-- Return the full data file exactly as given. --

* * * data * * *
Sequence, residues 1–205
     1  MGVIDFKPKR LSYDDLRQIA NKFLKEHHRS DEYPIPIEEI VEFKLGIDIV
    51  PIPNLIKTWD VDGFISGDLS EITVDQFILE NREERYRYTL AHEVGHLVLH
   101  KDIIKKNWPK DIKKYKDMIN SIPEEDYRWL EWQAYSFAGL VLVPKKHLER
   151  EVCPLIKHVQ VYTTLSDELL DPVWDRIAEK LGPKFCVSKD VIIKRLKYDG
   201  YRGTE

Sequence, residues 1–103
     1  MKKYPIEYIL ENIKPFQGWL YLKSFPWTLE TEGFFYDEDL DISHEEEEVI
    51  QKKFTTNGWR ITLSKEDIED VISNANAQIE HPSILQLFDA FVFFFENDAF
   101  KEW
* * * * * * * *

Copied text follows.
Sequence, residues 1–205
     1  MGVIDFKPKR LSYDDLRQIA NKFLKEHHRS DEYPIPIEEI VEFKLGIDIV
    51  PIPNLIKTWD VDGFISGDLS EITVDQFILE NREERYRYTL AHEVGHLVLH
   101  KDIIKKNWPK DIKKYKDMIN SIPEEDYRWL EWQAYSFAGL VLVPKKHLER
   151  EVCPLIKHVQ VYTTLSDELL DPVWDRIAEK LGPKFCVSKD VIIKRLKYDG
   201  YRGTE

Sequence, residues 1–103
     1  MKKYPIEYIL ENIKPFQGWL YLKSFPWTLE TEGFFYDEDL DISHEEEEVI
    51  QKKFTTNGWR ITLSKEDIED VISNANAQIE HPSILQLFDA FVFFFENDAF
   101  KEW